of Acting Governor Donald T. DiFrancesco
Concerning Supreme Court Justice Peter Verniero
April 5, 2001
foundation of our democracy is respect for the law and there is no
higher law of this land than our Constitution. Our Constitution very
clearly prescribes that the Senate shall have the right to exercise
advice and consent concerning appointees to various state positions
including nominees to the State Supreme Court.
of us who have been honored to serve in the State Senate, we believe
that it is not just our right, but our responsibility to review
thoroughly the nominations submitted for our consideration. As Senators,
we have the responsibility to determine if a nominee is not only
qualified, but has conducted him or herself in a manner reflective of
the high office to which they have been nominated.
months ago, I directed the Senate Judiciary Committee to initiate a
review of the circumstances and documents available concerning racial
profiling. As part of that review they requested and with my consent
retained Michael Chertoff as a special counsel for the committee. Mr.
Chertoff's credentials are well known and his record speaks for itself.
The committee examined 100,000 pages of documents, interviewed dozens of
people, and conducted lengthy public hearings. By almost any measure,
they have been very thorough. I want to thank the members of the
committee for their hard work.
the members of that committee, based on the findings of their review,
called for the resignation of Supreme Court Justice Peter Verniero. I
know that they did not come to this conclusion lightly. This is a very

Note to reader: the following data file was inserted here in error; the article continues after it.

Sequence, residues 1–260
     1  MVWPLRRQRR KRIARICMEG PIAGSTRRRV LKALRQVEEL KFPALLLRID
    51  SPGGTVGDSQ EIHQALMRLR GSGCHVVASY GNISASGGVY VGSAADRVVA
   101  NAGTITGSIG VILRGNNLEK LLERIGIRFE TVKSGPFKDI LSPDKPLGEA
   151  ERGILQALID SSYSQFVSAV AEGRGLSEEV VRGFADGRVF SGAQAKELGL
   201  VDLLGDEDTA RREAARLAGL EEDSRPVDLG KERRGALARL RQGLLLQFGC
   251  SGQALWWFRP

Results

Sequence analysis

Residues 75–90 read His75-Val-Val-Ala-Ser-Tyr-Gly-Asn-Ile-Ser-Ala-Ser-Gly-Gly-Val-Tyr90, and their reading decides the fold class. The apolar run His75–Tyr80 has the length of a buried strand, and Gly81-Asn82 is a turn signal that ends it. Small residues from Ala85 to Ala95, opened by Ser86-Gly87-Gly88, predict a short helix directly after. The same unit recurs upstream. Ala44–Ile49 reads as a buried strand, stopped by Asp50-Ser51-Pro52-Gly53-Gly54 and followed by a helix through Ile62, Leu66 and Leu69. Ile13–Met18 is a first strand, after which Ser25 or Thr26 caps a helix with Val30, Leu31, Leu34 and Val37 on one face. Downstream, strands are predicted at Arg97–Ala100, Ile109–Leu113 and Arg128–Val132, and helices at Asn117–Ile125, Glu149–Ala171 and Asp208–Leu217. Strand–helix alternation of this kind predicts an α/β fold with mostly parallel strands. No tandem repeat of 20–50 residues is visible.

serious matter and one that deserves and requires very serious and
many, I have followed this process through press accounts and news
stories. But, I've also had the benefit of discussing the issue directly
with the committee members and have spent the past few days reviewing
done so, I come to the conclusion that even if we give Justice Verniero
every benefit of doubt, it is still clear that his original testimony
withheld or misrepresented important information thereby misleading
members of the State Senate.
nominee presented to the State Senate has an obligation to be completely
forthright and open. Preserving the integrity of the process demands
strict adherence to this. When a nominee fails to do so, he not only
demeans himself, but the process, its integrity and, perhaps most
importantly, public confidence in the institutions of our government. We
cannot allow that to happen.
Verniero has a long history in state government. He was a Chief Counsel,
a Chief of Staff, and an Attorney General. These positions gave him
broad experience with the confirmation process and the requirement that